My Refrigerator Caught Fire

David Trammel's picture

Not mine actually but that some did during the heatwave in the Northwest this Summer caught my eye in this article,

"My dad’s prepping for the end times. Climate change makes me think I should, too."

"My dad’s prepper mentality came to mind again for me when temperatures soared a few weeks ago, and I drove to four different locations looking for ice because our refrigerator had started smoking. (According to my landlord, mine was the third refrigerator that needed replacing in less than 24 hours.) At my last stop, the cashier shook his head apologetically: “Everyone’s trying to stay cool.” This time, city residents were slapping together jury-rigged swamp coolers with large bowls of ice and those perennially versatile box fans. I’d run up against the limits of what the marketplace could provide. In a moment of desperation, I asked my neighbors two doors down if I could store my perishable goods with them. Though they kindly accommodated, it made for awkward interactions later when I had to knock on their door and ask for my coffee creamer or salad greens. After a while, I decided I didn’t really need those things after all."


That your refrigerator or other essential appliance might be worked so constantly, that it might catch fire make perfect sense but isn't something I even thought about. We live in a world that is expected to have a narrow range of possibilities. Appliances are designed to work only within that range and only as little as needed. That it might have to run full time and still not keep up isn't in the blueprint.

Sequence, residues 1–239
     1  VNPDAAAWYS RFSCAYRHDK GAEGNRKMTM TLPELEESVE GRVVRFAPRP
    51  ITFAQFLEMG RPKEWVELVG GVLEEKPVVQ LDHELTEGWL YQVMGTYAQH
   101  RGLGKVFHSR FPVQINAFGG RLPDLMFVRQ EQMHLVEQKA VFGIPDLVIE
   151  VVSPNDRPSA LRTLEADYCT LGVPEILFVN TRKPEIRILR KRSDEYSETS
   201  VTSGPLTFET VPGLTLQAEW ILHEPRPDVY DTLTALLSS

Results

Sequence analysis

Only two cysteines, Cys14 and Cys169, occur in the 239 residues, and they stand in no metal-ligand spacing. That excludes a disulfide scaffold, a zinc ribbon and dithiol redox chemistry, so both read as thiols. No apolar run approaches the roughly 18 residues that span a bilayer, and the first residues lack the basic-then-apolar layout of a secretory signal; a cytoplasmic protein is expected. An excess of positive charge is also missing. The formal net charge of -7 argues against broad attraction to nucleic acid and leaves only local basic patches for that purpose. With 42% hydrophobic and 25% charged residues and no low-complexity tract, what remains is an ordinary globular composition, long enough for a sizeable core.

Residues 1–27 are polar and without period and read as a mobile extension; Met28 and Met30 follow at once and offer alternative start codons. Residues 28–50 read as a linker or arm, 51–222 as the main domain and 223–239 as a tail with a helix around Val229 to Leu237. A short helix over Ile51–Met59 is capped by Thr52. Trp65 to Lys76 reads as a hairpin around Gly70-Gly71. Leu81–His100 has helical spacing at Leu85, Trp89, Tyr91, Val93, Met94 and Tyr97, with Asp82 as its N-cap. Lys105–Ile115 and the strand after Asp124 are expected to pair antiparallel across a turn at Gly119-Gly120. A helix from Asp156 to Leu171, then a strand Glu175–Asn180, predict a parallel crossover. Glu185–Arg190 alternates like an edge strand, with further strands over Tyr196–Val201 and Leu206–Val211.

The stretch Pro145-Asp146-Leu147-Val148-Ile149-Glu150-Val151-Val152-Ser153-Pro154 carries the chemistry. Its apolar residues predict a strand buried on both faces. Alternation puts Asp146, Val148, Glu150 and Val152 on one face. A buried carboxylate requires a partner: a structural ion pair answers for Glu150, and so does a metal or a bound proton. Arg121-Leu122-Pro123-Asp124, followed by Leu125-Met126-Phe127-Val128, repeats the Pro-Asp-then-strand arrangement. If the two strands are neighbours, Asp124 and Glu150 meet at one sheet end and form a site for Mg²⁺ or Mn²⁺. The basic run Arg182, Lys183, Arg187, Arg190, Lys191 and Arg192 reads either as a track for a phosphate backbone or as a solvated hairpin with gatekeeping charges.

There's going to more of these overlooked situations as the Long Descent unfolds.

A good point. Because of supply shortages and/or high demand, it took us a month to get a washing machine, so we were washing clothes by hand in a pail of water and a small wash board. We almost snapped up an old washing wringer but someone else got it before we did.

I wonder if it makes sense to do 'descent drills'. For example, even if you have a working fridge, go without it for a week to test out alternatives.

David Trammel's picture

I know many preppers do "no electricity weekends" sometimes, to check their prep. Just voluntarily shut it off and use what you have for a few days. I need to do that after I move, and once I get my prep supplies sorted out. I've got them all over the place right now. Looks like the tornado was inside, lol.

Brilliant idea! Here on south western Vancouver Island we are going through not just a drought but heat as well. It gets over 30'C (over 40'C in the really hot spell) and although we expect the droughts, we don't expect the high temps to last so long. So at the moment I am planning to triage my veg garden as I don't think I have enough water for everything. I am looking at this as a Decent Drill because I need to really feel what it is like to deal with a water shortage. Right now I have two water systems; the farm pond which only has 3 feet left in it and is less than 100' diameter with no spring to refill it and a dug well that also does not recharge. I use a 5 hp gas pump on the pond and a tiny little gas pump on the well which fills plastic barrels so I can then pump out with an electrical sump pump. In our climate no water = no food. Gee, can anyone spot the weak links here?? No wonder the local natives never practiced agriculture! If I was younger I would move farther north where they have something called "rain" in the summer.......

I would like to recommend used appliances for sure. There are at least two used appliance stores near my home and their products so far have worked great. These places are also a good place to dispose of an appliance you don't want. They get thoroughly cleaned and repaired and are as good as new it would seem. At least I have had good luck with them.

David Trammel's picture

I'll second used appliances. I've bought all of my major ones, like washer, dryer and refrigerator at one. Even my little freezer. The dorm refrigerator I now use, I bought new. The guy at the used place said they don't refurbish them because it costs more than they can sell them for.

I also recommend the big box hardware stores. I've noticed back in their lot where they keep lumber and construction needs, the one near me also has used appliances sometimes. I'm guessing they are the old ones someone replaces. Mine had a refrigerator for $25.